5 Books You Should Be Reading This Summer - Mindsteps Inc.

5 Books You Should Be Reading This Summer

Professional Development

Jun 11

Every June we release our summer reading list for educators. Here are five books you should be reading this summer:

Imagine: How Creativity Works by Jonah Lehrer.
We’ve been big fans of Jonah Lehrer since his book Proust was a Neuroscientist (we even included it in a previous summer reading list). He is masterful at making the science behind how we learn accessible to those of us who are not neuroscientists. In his latest book, Mr. Lehrer shows us how creativity works. What’s interesting about this book is that it goes beyond a discussion of neurons to explore how our environment can spark – or hinder—innovation and the creative process. He shows us the classroom techniques that increase creativity in children and how seemingly irrelevant factors such as the color of paint on the walls can have a dramatic impact on the creative process. If you think that standardized testing will sap students of their creativity or if you feel stuck in your own creativity as a teacher, this book will show you the secrets to unleashing innovation and help you reconnect with your own creative process. Lehrer unlocks the secret to how the imagination works. He shows us the catalysts behind our own creativity. And, in the process, he shows us how to become more creative and help our students become more creative as well.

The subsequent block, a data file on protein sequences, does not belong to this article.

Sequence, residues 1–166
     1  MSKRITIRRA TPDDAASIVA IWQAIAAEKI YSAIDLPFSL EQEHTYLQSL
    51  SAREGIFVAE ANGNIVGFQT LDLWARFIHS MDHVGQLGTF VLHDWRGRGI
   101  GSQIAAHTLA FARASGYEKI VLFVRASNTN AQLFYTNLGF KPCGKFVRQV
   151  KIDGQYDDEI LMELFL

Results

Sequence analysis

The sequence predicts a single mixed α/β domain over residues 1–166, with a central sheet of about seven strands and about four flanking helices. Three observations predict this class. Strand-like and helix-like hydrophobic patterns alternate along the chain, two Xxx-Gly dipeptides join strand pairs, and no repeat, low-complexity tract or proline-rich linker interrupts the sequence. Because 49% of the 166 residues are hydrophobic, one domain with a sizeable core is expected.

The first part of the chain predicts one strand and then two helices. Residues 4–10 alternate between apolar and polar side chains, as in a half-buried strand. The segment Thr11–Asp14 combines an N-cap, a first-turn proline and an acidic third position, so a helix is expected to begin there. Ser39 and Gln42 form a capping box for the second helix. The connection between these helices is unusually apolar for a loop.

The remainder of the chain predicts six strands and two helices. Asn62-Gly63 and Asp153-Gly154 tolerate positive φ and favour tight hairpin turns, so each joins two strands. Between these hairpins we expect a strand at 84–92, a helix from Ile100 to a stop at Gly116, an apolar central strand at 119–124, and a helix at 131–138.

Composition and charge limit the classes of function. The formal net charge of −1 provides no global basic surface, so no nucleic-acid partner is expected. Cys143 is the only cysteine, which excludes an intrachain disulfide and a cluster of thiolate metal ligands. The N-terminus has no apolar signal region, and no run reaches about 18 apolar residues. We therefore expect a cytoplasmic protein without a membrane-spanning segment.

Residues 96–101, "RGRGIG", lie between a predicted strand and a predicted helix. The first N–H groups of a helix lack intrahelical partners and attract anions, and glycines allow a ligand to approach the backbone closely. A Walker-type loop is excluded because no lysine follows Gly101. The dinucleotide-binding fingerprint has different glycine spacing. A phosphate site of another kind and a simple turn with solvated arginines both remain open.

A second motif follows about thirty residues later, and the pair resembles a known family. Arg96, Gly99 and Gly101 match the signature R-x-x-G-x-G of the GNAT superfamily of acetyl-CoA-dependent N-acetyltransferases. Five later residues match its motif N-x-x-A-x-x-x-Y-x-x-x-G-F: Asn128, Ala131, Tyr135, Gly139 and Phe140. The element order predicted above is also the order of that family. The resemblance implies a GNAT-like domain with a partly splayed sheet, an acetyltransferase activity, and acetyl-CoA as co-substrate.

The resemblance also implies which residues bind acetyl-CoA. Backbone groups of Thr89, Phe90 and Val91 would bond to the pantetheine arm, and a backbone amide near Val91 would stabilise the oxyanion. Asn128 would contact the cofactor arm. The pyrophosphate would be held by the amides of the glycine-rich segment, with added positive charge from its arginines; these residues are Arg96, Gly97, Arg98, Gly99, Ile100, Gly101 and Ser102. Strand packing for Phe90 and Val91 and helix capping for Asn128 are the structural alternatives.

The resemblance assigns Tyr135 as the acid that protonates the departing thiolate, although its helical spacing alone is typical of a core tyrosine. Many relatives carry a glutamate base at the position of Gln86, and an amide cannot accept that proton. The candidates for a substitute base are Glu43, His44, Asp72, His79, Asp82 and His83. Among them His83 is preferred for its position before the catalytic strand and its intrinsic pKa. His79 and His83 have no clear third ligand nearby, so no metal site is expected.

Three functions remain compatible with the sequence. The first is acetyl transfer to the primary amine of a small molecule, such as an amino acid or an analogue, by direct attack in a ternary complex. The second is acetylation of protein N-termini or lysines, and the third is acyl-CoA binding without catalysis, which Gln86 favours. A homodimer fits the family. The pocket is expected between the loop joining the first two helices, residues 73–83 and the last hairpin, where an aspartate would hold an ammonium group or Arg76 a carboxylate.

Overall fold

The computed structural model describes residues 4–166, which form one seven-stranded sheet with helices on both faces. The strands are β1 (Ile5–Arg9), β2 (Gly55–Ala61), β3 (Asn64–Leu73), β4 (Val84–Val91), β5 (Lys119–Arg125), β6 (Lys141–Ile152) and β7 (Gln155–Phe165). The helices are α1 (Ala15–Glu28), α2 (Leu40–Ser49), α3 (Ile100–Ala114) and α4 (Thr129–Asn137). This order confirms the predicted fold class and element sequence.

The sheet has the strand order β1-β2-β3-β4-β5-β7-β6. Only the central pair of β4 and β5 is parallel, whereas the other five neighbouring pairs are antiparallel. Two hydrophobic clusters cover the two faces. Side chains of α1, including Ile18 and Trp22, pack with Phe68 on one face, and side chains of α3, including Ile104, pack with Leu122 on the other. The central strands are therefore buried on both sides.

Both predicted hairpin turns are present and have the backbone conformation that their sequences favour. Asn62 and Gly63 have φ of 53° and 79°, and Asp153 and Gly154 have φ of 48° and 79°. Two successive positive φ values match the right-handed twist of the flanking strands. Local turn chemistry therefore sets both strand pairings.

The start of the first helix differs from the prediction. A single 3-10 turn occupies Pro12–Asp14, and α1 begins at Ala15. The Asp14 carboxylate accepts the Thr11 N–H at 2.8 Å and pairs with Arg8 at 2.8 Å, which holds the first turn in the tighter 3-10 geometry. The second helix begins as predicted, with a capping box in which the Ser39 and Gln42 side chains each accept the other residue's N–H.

Inevitable Mass Customized Learning: Learning in the Age of Empowerment by Charles Schwahn and Beatrice McGarvey.
The world has changed. Everywhere we see mass customization, from the way that we customize our iPhones to the way that we get our Verizon bill. And yet, schools are still using out-dated models to help students learn. Schwahn and McGarvey believe that making education more meaningful to learners, making learning more motivational for learners, and preparing young learners for their future rather than our past, are the critical educational and moral (not to mention – economic) imperatives of the day. They wrote Inevitable in order to promote this vision and show teachers how to leverage technology to make school more compelling for students. The layout of the book is a little clunky but it is full of great tips and strategies for customizing the learning experience for all learners. What we really like about this book is that unlike other books on technology and education, this is not a book about technology as teacher; this is a book about technology as enabler. Just like our popular post What the iPhone can teach you about teaching, this book explains how we can do for learners what Apple does for music lovers, what Amazon does for readers, and what Google does for everyone.